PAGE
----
As for school fees, “they don’t pay school fees. However, those of them from rich homes, I do tell them that, though the school is free, you can still make donations to the school, but not by force. It is left to your conscience to do something for the school; if other people are making sacrifices to train your child, why won’t you make yours,” the principal quizzed. 

    Every student of Pacelli must possess two writing frames; that’s the standard. While the alphabetical frame sells for N3,300, the mathematics frame sells for N3,500.

    “We have 135 students and every child must have that writing frame that costs N3,300 and then the mathematics frame is N3,500; we give them out free.” Sister Onyeneri noted.

     However, before Rev. Sister Onyeneri joined the school as principal two years ago, the tradition was to replace the frames at no fee when broken or misplaced by the students. However, in a bid to teach them self-discipline, the new principal came with a new rule.

    “When I came I said, ‘look, this is not going to work that way. When you spoil, you have to pay.’ Yes, you have to pay. I will give you another one to write, but I will put your name down and ask you to call your parents right away. When their parents come to pick them, we tell them and by the time they are back, they must pay. If not, we won’t allow them back to the school until they pay. That has been making the children to be careful with their materials. Now, when they break something, you see them crying because they don’t want their parents to pay. So, that has reduced it,” the principal said.

    At first, new students are grouped into what is called reception, where they are assessed for a year. According to the staff, who gave insight into the school’s operations, “when they come newly, they are classless; they don’t have class. After one year, we assess you to know if you will be able to move to Basic One. Sometimes, some of them come in from Basic 4 or 5, but after one year at the reception class, you find that they are operating at basic two. We have been having some challenges because some parents are not always comfortable when we move their children down. You know in public schools, they don’t teach much; the level here is high, so, you have to accept it. We want to produce children that will be useful; by the time you leave here, you can read, you can find your bearing.”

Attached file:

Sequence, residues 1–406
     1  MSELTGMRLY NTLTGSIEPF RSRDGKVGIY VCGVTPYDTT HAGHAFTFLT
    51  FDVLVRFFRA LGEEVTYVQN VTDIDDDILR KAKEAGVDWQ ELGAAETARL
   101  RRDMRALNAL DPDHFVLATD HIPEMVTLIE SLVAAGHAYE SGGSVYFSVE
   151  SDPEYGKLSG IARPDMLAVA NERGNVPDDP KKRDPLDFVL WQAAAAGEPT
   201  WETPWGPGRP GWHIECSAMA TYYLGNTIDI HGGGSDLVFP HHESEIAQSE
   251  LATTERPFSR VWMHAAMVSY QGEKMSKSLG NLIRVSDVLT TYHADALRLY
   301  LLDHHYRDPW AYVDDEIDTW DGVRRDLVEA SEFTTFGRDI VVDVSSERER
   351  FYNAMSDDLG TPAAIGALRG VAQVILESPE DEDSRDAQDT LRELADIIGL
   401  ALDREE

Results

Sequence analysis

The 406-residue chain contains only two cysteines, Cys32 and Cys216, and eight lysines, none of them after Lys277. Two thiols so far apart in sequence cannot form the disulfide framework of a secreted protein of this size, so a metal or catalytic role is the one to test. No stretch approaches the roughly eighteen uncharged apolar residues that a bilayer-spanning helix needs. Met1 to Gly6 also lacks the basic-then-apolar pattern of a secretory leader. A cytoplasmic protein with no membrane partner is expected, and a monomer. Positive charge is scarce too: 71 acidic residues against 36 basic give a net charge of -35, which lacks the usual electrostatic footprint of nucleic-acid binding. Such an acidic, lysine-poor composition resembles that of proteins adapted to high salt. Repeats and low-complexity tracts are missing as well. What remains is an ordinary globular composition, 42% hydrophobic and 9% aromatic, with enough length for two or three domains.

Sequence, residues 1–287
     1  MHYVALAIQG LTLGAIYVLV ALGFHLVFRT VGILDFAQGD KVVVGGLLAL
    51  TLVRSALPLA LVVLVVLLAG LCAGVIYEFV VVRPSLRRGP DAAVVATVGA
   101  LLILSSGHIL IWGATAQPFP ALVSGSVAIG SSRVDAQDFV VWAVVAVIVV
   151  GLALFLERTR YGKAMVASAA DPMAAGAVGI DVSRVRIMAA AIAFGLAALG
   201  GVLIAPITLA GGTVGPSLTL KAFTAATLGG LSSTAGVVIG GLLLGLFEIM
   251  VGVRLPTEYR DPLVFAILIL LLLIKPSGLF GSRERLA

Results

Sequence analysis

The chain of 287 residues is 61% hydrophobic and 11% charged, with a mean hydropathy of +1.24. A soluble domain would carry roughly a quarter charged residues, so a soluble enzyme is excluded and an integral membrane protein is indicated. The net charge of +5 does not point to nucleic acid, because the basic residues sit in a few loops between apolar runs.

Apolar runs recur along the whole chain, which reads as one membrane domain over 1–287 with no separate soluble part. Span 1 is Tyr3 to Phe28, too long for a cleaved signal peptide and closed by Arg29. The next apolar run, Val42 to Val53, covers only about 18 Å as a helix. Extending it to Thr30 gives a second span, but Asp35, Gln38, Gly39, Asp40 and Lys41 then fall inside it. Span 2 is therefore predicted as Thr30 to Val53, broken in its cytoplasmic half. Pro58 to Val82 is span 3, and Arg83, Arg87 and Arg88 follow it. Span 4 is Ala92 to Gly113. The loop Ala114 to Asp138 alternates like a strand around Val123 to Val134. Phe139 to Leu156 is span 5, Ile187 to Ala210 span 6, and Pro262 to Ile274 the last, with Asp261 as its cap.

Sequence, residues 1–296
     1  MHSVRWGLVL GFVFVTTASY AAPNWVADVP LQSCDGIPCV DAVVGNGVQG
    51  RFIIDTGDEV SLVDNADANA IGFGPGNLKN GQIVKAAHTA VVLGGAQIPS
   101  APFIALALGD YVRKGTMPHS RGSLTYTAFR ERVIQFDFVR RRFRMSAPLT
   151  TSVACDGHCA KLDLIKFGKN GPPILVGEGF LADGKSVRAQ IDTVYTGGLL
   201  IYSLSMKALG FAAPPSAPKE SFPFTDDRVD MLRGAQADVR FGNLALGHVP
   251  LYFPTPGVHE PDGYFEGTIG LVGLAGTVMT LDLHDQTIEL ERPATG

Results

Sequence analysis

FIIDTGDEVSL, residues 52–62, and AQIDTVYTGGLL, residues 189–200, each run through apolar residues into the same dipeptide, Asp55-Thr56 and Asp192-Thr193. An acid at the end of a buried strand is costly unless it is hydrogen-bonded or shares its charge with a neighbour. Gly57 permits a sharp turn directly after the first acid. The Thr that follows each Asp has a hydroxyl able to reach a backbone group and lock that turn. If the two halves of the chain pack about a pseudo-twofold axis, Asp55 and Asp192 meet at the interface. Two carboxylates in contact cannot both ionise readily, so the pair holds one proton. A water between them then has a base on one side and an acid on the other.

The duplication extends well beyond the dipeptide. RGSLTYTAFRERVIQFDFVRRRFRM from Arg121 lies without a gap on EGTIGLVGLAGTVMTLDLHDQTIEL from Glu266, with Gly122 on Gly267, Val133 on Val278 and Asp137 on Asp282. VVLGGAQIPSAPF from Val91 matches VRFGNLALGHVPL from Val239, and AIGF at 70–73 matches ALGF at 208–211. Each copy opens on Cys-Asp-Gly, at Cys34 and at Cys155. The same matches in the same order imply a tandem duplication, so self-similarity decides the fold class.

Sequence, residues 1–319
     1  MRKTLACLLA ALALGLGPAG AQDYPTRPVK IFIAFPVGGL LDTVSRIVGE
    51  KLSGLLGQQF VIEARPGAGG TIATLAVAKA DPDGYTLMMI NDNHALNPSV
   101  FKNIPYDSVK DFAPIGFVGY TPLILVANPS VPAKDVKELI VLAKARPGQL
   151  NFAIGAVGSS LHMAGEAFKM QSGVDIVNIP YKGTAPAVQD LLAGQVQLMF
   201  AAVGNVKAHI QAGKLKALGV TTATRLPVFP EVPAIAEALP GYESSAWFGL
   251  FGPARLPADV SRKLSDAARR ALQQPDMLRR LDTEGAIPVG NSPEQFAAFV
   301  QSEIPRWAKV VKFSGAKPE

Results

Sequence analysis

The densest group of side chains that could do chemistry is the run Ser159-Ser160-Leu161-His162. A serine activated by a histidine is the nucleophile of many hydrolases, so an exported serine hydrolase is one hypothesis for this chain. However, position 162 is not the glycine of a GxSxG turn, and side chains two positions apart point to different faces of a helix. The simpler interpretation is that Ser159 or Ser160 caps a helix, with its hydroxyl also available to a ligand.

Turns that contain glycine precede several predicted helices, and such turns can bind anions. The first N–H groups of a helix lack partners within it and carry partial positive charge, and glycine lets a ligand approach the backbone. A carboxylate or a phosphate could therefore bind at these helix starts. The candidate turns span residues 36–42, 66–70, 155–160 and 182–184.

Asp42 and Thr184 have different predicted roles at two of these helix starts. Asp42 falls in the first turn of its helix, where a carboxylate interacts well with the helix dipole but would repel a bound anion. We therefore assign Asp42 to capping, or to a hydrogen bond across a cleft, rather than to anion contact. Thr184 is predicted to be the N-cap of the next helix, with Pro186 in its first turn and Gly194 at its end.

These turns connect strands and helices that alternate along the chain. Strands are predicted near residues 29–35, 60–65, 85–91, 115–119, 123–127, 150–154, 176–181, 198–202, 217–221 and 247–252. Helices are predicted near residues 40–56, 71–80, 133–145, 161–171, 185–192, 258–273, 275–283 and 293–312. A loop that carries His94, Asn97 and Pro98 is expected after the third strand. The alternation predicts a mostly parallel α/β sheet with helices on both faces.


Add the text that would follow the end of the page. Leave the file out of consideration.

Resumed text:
From the way the school was built, it is obvious that serious planning went into it. Most importantly, there’s time for everything. For instance, in the morning, you must attend daily Morning Mass, after which you go for breakfast, then to the assembly ground. After assembly, students are expected to be in their various classrooms. At close of school, it’s time for launch and then you are back for extra lessons. Once it is time for siesta, nobody is allowed outside; offenders are usually punished.

   On how they mastered time, the officer said, “they have their own watch; that’s part of the materials they need. We have a timekeeper and we organise things. We give a brail watch, we give a bell; sometimes, everybody wants to ring a bell and when you spoil it, you pay; I’ve got all the prices. Some of them don’t like it, but that’s how to keep them in check. You don’t pity them; they are like any other child. If you begin to have sympathy, you will fail them. You need to treat them like any other child and that’s the only way they succeed.”  

  For partially sighted students, the procedure of learning differs, especially during brail lessons. Because there’s that tendency of them using the other eye to read, instead of mastering the brail off heart, they are usually blindfolded. The same treatment is applicable during the mobility class, which helps the students to get used to their environment.